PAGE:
From a philosophical point of view towards life and living, “being in the moment” is a meditative, Zen attitude of accepting, receiving, being still in the moment and appreciating it fully. Nothing to move towards, nothing to do, the moment is perfect in itself and on its own. Don’t we take ourselves “out of it” when we dream about the future? When we strategize? When we think where we’d like to be instead of where we are right now?

In our culture, we don’t allow ourselves to just be happy and content without a specific reason. Why do we need a reason to be happy? Why not be happy “just because”? Why is it that we ask our children, “Who do you want to be when you grow up?” Why not let them to “just be” and enjoy the moment? What are your thoughts?


We Have Three Brains to Coach!

I love when science finally proves something that we knew for centuries.

Listen to a very interesting presentation about how the science has proved that there is not one, but three brains: brain, heart, and gut. And a coaching approach to integrating them. In fact, it’s very similar to what I teach as part of Goal Imagery(R) method. Take a listen: https://vimeo.com/65558348

There is much more to come! And it’s free at WBECS (World Business and Executive Coach Summit) pre-summit: http://www.wbecs.com/go/wbecs/ml13“.



WBECS (World Business and Executive Coach Summit) with Brian Underhill: What Do Executives Want in a Coach?

You can still register for WBECS (World Business and Executive Coach Summit) free pre-summithttp://www.wbecs.com/go/wbecs/ml13“.

Tonight’s session was with Dr. Brian Underhill, founder & CEO of CoachSource, LLC  and the author of “Executive Coaching for Results”.

He also told us that if we twitter him directly, he’ll send us his book – very generous of him. His twitter: www.twitter.com/bunderhill

Here’s the screen shot from his presentation where he is sharing with us the latest research that was done this year.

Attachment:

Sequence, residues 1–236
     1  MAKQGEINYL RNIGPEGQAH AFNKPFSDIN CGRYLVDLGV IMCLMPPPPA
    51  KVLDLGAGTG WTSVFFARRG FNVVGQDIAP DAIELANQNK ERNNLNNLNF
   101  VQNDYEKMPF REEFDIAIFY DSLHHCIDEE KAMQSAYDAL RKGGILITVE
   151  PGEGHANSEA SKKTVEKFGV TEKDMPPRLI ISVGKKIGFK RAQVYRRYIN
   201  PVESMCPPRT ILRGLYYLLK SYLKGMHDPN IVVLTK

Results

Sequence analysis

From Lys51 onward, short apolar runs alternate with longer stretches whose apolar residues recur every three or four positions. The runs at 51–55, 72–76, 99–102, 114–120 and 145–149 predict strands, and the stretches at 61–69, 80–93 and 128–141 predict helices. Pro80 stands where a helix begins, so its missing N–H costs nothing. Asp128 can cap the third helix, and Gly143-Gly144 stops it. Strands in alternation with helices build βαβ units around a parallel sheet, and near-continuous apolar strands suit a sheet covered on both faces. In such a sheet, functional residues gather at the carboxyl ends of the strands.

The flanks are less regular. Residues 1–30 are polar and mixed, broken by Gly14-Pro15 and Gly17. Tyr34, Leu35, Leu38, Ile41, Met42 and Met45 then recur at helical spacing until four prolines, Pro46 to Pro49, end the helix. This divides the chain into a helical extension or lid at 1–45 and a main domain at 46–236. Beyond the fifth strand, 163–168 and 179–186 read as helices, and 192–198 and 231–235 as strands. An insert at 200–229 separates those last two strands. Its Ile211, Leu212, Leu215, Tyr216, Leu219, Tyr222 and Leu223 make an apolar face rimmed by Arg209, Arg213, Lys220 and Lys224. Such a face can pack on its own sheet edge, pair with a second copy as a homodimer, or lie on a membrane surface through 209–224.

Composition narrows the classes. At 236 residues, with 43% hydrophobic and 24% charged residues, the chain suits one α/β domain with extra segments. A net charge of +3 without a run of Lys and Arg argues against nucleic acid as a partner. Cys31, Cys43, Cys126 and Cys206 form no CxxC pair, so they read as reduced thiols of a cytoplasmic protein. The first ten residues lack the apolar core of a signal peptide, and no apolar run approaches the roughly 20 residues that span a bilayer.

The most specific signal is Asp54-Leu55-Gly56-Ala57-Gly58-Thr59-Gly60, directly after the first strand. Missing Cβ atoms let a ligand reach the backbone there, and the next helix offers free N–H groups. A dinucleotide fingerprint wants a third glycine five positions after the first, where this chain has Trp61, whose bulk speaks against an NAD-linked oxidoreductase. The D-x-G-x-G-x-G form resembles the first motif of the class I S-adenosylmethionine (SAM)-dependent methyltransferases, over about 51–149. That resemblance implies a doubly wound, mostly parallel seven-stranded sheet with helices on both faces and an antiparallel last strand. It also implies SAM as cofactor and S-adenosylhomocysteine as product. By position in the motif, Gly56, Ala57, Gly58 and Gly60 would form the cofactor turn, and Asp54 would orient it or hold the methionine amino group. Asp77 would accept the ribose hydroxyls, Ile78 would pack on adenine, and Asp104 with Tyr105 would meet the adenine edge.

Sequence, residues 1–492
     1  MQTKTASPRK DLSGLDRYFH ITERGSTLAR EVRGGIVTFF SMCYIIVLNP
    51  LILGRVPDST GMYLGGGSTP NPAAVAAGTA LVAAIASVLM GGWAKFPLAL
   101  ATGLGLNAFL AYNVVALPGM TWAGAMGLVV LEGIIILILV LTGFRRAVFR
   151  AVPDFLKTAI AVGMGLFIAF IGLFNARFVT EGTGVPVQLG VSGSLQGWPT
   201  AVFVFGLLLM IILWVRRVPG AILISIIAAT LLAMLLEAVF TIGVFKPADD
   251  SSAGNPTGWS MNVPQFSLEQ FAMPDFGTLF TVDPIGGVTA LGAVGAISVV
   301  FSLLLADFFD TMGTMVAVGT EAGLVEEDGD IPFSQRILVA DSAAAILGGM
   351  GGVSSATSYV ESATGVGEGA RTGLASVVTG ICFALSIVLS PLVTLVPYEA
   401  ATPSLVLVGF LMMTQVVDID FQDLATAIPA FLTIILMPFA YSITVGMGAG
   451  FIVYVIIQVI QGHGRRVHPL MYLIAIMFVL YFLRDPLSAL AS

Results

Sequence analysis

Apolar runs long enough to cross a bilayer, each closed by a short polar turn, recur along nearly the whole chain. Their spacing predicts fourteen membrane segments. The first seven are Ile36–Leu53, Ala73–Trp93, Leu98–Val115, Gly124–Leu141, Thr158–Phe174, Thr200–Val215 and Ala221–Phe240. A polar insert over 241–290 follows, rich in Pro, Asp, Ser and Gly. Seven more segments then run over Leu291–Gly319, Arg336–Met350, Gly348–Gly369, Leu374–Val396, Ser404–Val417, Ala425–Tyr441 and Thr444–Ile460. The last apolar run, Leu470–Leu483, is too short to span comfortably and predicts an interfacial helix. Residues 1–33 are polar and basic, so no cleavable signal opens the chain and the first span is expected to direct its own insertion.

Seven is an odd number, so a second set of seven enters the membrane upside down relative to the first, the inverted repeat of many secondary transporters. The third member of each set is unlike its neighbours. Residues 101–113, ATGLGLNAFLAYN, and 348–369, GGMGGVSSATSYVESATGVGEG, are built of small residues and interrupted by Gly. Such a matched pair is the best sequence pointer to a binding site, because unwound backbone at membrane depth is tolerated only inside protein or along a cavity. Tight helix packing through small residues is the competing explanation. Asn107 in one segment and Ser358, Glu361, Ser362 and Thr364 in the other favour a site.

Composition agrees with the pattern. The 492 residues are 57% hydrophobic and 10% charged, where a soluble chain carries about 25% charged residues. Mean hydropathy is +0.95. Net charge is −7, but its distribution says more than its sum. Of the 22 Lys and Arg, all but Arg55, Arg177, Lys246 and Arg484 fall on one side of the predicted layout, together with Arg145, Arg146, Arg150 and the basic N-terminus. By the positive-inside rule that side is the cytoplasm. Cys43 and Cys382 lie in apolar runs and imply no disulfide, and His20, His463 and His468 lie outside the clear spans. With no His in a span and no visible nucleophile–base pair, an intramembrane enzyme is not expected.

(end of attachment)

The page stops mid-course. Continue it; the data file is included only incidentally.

Coaching & Training: Judging versus Telling the Truth

I don’t believe that my client has the talent she thinks she has. I watched her perform – and it sucked! Do I tell her?

One of the aspiring actresses hired me to coach her in preparing her own one-woman show. She was going to invest lots of time and money in this. She invited me to see some of her work and it was awful. The problem was that she thought she did great.  I wanted to be honest, but I also wanted to be supportive. I was also thinking about “judging”, which we, as coaches, are not supposed to do.  However, if I didn’t tell her, I’d be out of integrity.

Whatever it was, I just wanted to do the right thing.

I went back to the ICF core competencies and read about “direct communication”, but I still didn’t know what to do. However, after reading it, I had a shift in my own energy. I decided to stay open, be thoughtful and caring, and, at the same time, be in integrity. I also decided that if needed be, Id just ask for a permission to be honest and direct. I meditated a bit before my next session with her and when we started, “things” just came up naturally. I asked her if she inquired about what other people thought of her performance.  Then I asked her if she perceives her show to be a business or a hobby. Then we went into a discussion (she talked, I listened) of how differently she should be treating it now, realizing that this is her new “business”. Out of that discussion she came up with an idea of checking out her competition (other one-woman shows), making sure that her product is a high quality product (getting expert opinions), etc., etc.

My insight was that shifting my energy and emotionally preparing myself for the session enabled me to be both supportive and honest.

Were you ever challenged like that as a coach? Did you ever feel that you had to be straightforward with your client and just tell them the truth, but didn’t want to be “judging” wondering if this was your place to even say anything at all?  Please share your story.


Join our LinkedIn ICF Coach Mentors and Mentees Group for this and other exciting discussions about coaching & training techniques.